one year of gdpr

GDPR One Year On: What have we learned and what’s next?

Dr Sara Degli-Esposti and Professor Maureen Meadows.

First published on the Midlands Insider Blog.

A year ago, on 23rd May 2018, the Data Protection Act (DPA) 2018 received its Royal Assent, and just two days’ later, the General Data Protection Regulation (GDPR) came into force. GDPR captured media attention because of the monetary sanctions it can bring – up to a maximum of €20 million or 4% of worldwide turnover, whichever is greater for the firm in question. But one year on, how much impact have the new regulations really had?

An example of the force of the new regulations came in January 2019, when the French National Data Protection Commission (CNIL) imposed a financial penalty of €50 million against the company GOOGLE LLC for lack of transparency in the personalisation of advertisements. CNIL’s investigation was triggered by group complaints made in May 2018 by two associations, None Of Your Business (NOYB) and La Quadrature du Net (LQDN), representing 10,000 data subjects. GDPR sets a high bar for user consent regarding the processing of their personal data; it insists that consent must be freely given, specific, informed and unambiguous. According to CNIL, in the case of GOOGLE LLC, users’ consent was not sufficiently informed; it was neither ‘specific’ nor ‘unambiguous’.gdpr.

In the UK, we will have to wait a little while longer before we can fully appreciate the effects of GDPR and DPA 2018. An analysis of monetary penalties issued by the Information Commissioner’s Office (ICO) over the past year reveals that complaints referred to events taking place under the Data Protection Act 1998, and the Privacy and Electronic Communications Regulations (PECR) which implemented the e-privacy Directive. However, some significant fines have been imposed under these previous acts and regulations.


On 23rd May 2018, from 8pm until 3am the next day, the ICO searched SCL Elections Limited’s London headquarters, as part of a larger investigation into the use of personal data and analytics by political parties and social media companies in relation to the Cambridge Analytica scandal. On 24th October 2018, the ICO issued Facebook with a fine of £500,000—the maximum amount possible under the DPA 1998 in force at the time of the event—for failing to safeguard people’s information and allowing Cambridge Analytica to collect information on 87 million Facebook users without informing them that their data would be used for political micro-targeting.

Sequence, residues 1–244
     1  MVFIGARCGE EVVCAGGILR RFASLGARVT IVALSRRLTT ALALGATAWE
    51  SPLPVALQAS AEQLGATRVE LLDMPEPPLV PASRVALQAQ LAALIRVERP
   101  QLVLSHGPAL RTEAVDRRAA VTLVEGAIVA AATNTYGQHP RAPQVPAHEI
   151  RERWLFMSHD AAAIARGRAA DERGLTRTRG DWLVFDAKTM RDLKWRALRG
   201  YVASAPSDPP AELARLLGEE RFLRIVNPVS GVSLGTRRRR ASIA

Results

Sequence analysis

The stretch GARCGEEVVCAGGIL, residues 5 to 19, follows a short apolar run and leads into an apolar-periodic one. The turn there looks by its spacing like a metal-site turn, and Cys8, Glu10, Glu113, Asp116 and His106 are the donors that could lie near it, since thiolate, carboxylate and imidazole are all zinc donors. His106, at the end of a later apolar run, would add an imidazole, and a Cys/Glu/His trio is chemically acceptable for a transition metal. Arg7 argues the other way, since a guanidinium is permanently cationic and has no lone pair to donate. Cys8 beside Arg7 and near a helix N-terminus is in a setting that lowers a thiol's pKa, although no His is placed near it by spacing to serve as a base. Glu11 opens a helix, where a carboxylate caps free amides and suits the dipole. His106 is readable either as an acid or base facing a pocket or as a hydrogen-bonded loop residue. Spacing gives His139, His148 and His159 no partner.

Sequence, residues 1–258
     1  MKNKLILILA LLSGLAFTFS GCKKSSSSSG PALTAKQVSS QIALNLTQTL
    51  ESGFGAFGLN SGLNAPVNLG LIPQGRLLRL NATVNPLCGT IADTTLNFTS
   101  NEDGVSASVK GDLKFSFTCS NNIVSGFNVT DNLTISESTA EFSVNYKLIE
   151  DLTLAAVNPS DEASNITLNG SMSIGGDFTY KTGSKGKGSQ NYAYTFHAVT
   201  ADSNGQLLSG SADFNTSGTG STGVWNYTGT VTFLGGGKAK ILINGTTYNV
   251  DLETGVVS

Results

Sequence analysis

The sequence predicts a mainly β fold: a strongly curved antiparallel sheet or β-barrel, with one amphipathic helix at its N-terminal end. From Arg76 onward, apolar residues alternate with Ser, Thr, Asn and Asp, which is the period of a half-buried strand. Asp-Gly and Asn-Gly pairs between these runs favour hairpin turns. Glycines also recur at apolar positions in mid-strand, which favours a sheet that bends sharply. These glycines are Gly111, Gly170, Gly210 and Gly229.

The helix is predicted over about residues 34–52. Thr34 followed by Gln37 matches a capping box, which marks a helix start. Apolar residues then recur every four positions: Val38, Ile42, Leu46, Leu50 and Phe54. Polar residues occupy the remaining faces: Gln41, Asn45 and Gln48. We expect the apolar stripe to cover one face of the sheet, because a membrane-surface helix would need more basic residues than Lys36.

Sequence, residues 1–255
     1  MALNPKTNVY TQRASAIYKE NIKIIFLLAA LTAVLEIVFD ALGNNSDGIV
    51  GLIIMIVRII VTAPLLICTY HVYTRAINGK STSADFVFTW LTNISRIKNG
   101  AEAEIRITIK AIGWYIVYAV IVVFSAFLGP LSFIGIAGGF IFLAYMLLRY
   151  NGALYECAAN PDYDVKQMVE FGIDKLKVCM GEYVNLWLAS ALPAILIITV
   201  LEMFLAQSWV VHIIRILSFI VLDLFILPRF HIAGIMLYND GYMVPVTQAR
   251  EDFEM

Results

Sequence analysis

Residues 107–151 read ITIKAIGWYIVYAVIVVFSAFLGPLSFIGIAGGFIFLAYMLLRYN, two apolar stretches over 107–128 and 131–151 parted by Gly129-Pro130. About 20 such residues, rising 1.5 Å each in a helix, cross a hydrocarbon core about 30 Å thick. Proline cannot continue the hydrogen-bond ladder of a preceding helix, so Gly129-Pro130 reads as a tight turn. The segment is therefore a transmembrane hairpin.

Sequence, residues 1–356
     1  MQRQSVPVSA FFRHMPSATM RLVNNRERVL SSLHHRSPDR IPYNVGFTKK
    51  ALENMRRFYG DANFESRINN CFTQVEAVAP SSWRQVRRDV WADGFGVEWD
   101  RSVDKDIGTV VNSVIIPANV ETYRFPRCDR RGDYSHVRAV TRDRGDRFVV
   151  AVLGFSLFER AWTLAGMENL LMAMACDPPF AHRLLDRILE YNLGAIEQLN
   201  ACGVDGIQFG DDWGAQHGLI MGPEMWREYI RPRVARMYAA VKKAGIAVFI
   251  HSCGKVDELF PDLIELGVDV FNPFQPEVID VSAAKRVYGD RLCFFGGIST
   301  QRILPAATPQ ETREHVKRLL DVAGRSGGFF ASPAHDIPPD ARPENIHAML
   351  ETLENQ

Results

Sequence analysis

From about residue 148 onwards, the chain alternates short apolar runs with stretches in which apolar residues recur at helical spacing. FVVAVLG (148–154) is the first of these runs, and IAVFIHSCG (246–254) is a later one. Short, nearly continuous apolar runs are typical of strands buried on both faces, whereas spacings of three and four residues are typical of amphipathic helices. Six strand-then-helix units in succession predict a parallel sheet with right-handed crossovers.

Since June 2018, the ICO has issued 29 monetary penalties for violations of PECR and DPA 1998. The majority of cases (62%) refer to unsolicited direct marketing emails and nuisance calls. Most complaints concerning unsolicited emails or calls come from the GSMA Spam Reporting Service, which enables UK mobile phone users to report nuisance text messages through a free-of-charge short code (‘7726’ or ‘SPAM’). For example, on 19th March 2019, the ICO fined Vote Leave Limited £40,000 for sending out thousands of unsolicited text messages in the run-up to the 2016 EU referendum. On 13th December 2018, London-based firm Tax Returned Limited was fined £200,000 by the ICO for sending out millions of unsolicited marketing text messages. And in October 2018, the ICO issued a fine of £90,000 to London-based marketing company Boost Finance Ltd (BFL) for sending millions of nuisance emails about pre-paid funeral plans.

The majority of cases sanctioned under DPA 1998 involved a data security breach. On 26th November 2018, the ICO issued Equifax Ltd with a fine of £500,000 for failing to protect the personal information of up to 15 million UK citizens during a cyber-attack in 2017. In a similar case, Uber was fined £385,000 for exposing UK users’ and drivers’ data as a result of an attack suffered by Uber US. The customers and drivers affected were not told about the incident for more than a year. Instead, Uber paid the attackers responsible $100,000 to destroy the data they had downloaded. And such breaches are not confined to the private sector. The Independent Inquiry into Child Sexual Abuse (IICSA) and the Gloucestershire Police were fined £200,000 and £80,000 respectively for revealing the identity of victims through bulk emails in which employees forgot to use the BCC option and respondents replied to everyone in the list; these incidents may be viewed as examples of poor data protection training. Other types of violations include unlawful data sharing, as in the case of the pregnancy and parenting support club Bounty Ltd, fined £400,000 in April 2019. These cases offer some insights into the most common mistakes made by organisations in dealing with people’s data. Organisations across the finance, manufacturing and other business sectors have also been fined by the ICO for not paying the data protection fee.

ico-enforcementThese examples show that there is a very real and on-going need to monitor and control how organisations use personal data. However, the new acts and regulations – DPA 2018 and GDPR – have yet to bring a real impact in the UK in terms of fines and behaviour change.